In What Order Did Satan Tempt Jesus?

If you have ever compared Matthew’s account of Satan tempting Jesus in the wilderness with Luke’s account, you likely noticed that there was a difference in the sequence of the recorded events (Matthew 4:1-11; Luke 4:1-13). Both Matthew and Luke agree that Satan first tested Jesus by challenging Him to turn stones to bread. However, while the two disciples of Jesus agree on the content of the next two tests, the second and third temptations recorded by Matthew are “flip-flopped” in Luke’s account. Matthew recorded that Satan’s second temptation involved him trying to persuade Jesus to throw Himself down from the pinnacle of the Temple. The third temptation listed by Matthew was Satan’s attempt to get Jesus to worship him. Even though Luke wrote about the same two events, he listed them in reverse order—Satan first desired adoration from Jesus, and then challenged Him to throw Himself down off the pinnacle of the Temple. Based upon this difference, skeptics claim we have a clear-cut “factual discrepancy.”
The problem with this allegation is that it is based upon an assumption. Those who claim that the “disorder” of temptations is a contradiction, presuppose that history always is written (or spoken) chronologically. However, common sense tells us otherwise. Open almost any world history textbook, and you will notice that even though most events are recorded chronologically, some are arranged topically. For example, in one chapter you may read about the European civilization in the late Middle Ages (A.D. 1000-1300). Yet, in the very next chapter you might learn about Medieval India (150 B.C.-A.D. 1400). Authors arrange textbooks thematically in order to reduce the confusion that would arise if every major event in those textbooks were arranged chronologically. Even when we rehearse life experiences to friends and family, oftentimes we speak climactically rather than chronologically. A teenager may return home from an amusement park, and tell his father about all of the roller coasters he rode at Six Flags. Likely, rather than mentioning all of them in the order he rode them, he will start with the most exciting ones, and end with the boring ones (if there is indeed such a thing as a “boring” roller coaster).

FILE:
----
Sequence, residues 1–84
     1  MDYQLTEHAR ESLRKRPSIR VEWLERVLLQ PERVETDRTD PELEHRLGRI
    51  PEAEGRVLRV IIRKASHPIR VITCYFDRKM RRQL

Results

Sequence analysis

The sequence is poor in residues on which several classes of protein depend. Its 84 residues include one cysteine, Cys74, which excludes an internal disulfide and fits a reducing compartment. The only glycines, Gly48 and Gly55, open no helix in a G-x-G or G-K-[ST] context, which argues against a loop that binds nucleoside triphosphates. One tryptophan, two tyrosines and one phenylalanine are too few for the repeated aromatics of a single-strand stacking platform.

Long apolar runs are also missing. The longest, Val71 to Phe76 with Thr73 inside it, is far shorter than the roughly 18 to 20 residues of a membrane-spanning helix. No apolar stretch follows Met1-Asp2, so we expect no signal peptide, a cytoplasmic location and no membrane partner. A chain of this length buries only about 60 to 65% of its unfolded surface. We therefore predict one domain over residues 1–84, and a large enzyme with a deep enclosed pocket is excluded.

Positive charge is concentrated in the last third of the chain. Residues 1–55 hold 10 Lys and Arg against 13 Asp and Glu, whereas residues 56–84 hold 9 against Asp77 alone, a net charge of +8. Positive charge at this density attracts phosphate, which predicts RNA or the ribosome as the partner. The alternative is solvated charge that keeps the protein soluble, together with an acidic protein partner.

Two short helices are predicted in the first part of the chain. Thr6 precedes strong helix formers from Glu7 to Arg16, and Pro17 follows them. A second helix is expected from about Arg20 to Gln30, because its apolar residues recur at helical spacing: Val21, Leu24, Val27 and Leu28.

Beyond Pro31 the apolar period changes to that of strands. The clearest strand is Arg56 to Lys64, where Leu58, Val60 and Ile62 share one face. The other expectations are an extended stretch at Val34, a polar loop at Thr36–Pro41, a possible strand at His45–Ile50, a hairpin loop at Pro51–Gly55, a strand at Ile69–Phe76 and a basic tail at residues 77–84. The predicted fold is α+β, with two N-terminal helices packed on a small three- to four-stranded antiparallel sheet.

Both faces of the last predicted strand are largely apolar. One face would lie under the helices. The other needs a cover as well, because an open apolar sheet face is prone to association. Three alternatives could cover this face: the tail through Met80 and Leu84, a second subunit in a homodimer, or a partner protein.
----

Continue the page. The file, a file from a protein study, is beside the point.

Had Matthew and Luke claimed to arrange the temptations of Jesus chronologically, then the skeptics would have a legitimate case. But, the fact of the matter is, neither Matthew nor Luke ever made any such claim. Either one of the two gospel writers recorded these events in the exact order in which they occurred, or both of them wrote topically. Most biblical scholars believe that it is very likely that Matthew was concerned more with the order of events in this story because of his use of words like “then” (4:5, Greek tote) and “again” (4:8, Greek palin). These two specific adverbs seem to indicate a more sequential order of the temptations. Luke simply links the events by using the Greek words kai and de (4:2,5-6, translated “and”). [The NKJV’s translation ofkai as “then” in Luke 4:5 is incorrect. It should be translated simply “and” (cf. ASV, KJV,NASV, and RSV).] Similar to the English word “and” not having specific chronological implications, neither do the Greek words kai and de (Richards, 1993, p. 230). In short, Luke’s account of the temptations of Jesus is arranged topically (or possibly climactically), whereas Matthew’s account seems to be arranged chronologically.